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Preserve the Bayh-Dole Act and University Technology Transfer

Shareable document on AAU's "Preserve the Bayh-Dole Act and University Technology Transfer One Pager" campaign.

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It is critical that Congress protect and preserve the original legislative intent of the Bayh-Dole Act by preventing “march-in” from being used to control prices.

Prior to 1980, discoveries which were based upon federally funded research were retained by the federal government and very few were licensed (less than 5% of patents). The Bayh-Dole Act of 1980 revolutionized technology transfer by allowing universities, small businesses, and nonprofits to retain intellectual property and to license discoveries –that were based on federal research funding-- to private sector partners. This provided a significant incentive for universities and their researchers to turn discoveries into viable consumer products.

The Bayh-Dole Act continues to have a significant and lasting impact on U.S. innovation and industry. Since it was enacted in 1980, the Act has led to over $1.3 trillion in U.S. economic growth, created more than 4.2 million jobs across the country, and contributed to the success of over 11,000 new startup companies throughout America. Bayh-Dole continues to encourage American entrepreneurship today, helping to strengthen the nation’s innovative capacity.

""Preserve the Bayh-Dole Act and University Technology Transfer One Pager

University technology transfer has resulted in innovative new medicines and technologies that have saved lives, grown the U.S. economy, and greatly improved quality of life in the United States and throughout the entire world. University technology transfer occurs in every single industrial sector including agriculture, advanced weaponry and surveillance technologies, quantum computing, telecommunications, life sciences, medical diagnostics and therapeutics, and green energy technologies.

In recent years, however, there have been an increasing number of calls for federal funding agencies to exercise their Bayh-Dole Act “march-in” rights to control the prices of drugs based on patented federally funded research. Allowing march-in to be used to control drug prices will impede the creation of new drugs by discouraging companies from making the substantial additional research and development investments necessary to take federally funded university-based research from the laboratory to the bedside.


What’s at stake: By enabling universities to patent and license groundbreaking discoveries, the Bayh-Dole Act of 1980 significantly improved the U.S. system of technology transfer. Now proposals to reinterpret when Bayh-Dole “march-in rights” can be used are threatening the future of university technology transfer.

Key Facts:

  • Congress built safeguards into Bayh-Dole that enable the government to protect the public against nonuse or unreasonable use of federally supported inventions. The law grants the federal agency that funds the research a limited right to “march in” and require the owner of a patent that was developed through federal funding to grant additional licenses to the invention to ensure that the invention is made available to the public. Congress approved the march-in provision to address concerns that dominant companies would pay to license competitive university inventions solely to prevent their development and entry into the marketplace.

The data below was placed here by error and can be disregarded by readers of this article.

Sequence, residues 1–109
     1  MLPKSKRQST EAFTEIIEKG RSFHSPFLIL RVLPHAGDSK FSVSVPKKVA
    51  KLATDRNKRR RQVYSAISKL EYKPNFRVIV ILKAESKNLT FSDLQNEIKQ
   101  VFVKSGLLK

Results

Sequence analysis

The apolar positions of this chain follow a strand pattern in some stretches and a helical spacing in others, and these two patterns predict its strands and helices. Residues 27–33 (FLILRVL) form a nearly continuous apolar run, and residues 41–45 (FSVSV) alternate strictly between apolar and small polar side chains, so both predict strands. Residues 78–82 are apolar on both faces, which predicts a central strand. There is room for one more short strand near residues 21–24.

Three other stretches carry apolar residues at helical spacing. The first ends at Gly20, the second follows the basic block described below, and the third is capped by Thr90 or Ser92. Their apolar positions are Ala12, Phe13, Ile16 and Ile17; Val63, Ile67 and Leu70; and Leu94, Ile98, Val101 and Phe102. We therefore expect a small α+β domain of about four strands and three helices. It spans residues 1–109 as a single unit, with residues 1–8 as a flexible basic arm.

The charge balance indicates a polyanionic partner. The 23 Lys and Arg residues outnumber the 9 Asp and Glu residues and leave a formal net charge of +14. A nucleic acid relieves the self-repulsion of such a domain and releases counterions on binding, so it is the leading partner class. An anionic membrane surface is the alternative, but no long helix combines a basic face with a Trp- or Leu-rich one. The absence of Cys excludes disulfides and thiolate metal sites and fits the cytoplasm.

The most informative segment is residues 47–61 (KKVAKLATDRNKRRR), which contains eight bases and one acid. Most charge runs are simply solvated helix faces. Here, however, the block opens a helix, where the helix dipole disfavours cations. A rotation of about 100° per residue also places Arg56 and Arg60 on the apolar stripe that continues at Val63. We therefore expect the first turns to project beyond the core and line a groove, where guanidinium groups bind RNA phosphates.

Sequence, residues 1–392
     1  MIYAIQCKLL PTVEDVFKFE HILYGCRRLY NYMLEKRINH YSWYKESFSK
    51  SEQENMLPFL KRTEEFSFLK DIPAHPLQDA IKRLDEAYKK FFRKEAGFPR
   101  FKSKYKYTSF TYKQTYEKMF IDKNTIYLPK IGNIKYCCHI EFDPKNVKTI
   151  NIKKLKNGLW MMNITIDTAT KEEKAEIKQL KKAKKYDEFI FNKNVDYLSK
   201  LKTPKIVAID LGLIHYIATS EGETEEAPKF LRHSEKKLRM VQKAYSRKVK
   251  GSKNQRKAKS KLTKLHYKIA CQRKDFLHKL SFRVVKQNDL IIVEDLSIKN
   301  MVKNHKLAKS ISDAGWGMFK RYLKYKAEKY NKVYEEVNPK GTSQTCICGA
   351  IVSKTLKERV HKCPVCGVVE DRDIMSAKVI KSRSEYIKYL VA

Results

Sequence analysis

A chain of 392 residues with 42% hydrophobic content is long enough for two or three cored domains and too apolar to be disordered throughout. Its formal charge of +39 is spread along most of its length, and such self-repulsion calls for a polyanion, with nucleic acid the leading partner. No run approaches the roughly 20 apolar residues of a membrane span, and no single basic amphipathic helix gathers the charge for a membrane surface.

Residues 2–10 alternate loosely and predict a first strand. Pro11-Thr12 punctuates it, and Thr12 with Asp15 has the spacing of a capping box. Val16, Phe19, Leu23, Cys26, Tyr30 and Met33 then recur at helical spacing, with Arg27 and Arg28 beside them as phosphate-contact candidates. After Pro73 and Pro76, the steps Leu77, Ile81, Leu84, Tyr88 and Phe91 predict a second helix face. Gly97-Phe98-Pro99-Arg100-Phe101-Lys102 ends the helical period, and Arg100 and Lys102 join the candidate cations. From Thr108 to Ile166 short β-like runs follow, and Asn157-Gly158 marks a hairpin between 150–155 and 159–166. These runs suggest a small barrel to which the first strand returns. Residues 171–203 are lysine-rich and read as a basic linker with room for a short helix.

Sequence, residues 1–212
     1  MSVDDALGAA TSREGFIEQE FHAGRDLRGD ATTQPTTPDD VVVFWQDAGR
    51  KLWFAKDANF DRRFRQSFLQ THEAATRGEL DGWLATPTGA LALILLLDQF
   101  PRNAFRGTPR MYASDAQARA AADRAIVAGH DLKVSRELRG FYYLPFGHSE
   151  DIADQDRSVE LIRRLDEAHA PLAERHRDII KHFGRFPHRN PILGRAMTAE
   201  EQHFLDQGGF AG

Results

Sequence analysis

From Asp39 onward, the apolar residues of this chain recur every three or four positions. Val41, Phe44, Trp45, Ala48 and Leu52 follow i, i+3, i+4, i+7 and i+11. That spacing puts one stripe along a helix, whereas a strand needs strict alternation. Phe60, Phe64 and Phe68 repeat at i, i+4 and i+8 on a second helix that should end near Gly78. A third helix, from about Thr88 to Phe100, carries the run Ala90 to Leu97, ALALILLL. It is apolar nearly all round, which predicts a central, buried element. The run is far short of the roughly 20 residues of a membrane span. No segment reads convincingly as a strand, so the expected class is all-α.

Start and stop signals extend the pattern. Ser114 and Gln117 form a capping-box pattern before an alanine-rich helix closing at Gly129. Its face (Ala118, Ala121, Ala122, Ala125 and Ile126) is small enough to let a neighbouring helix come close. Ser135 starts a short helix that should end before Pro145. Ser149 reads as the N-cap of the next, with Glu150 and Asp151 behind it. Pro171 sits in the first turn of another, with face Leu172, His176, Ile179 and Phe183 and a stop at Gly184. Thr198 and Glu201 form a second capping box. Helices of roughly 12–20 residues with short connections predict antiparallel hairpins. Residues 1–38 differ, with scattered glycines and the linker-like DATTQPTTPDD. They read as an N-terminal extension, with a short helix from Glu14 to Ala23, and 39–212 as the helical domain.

• The legislative record and subsequent statements by Senators Bayh and Dole make clear that Congress intended this march-in provision to apply only in narrow circumstances, such as when a licensee fails to make a good-faith effort to bring the invention to market or if health or other emergencies arise and the licensee is unable to make enough of a product to meet public needs.
  • The march-in provision was never intended to serve as a vehicle for controlling drug Rather, the statute refers to “practical application,” which is defined as providing availability to the public on terms that are “reasonable under the circumstances.” The statute deliberately does not address or define what may constitute a “reasonable price.”
  • Over the years, the National Institutes of Health (NIH) has considered and rejected several petitions asking it to exercise its march-in authority to address drug pricing concerns. In each review to date, NIH has concluded that the “practical application” requirement was satisfied if the patented drug was on the market and available to the public.
  • For universities and their patent licensees, the exercise of march-in rights for reasons other than exigent health or safety needs would create substantial market uncertainty that would chill university technology If the scope of applicability of march-in rights is broadened beyond Congress’ original intent, the private sector will be hesitant or unwilling to license federally funded inventions from universities, potentially impeding progress against some of our costliest and most challenging diseases to the detriment of public health and safety.

Intellectual property rights make the existence of, and access to, critical medicines and medical technologies more likely, not less. Undermining Bayh- Dole and the important patent protections this landmark legislation provides will impede the development of innovative new medicines and medical technologies resulting in fewer – not cheaper – new drugs.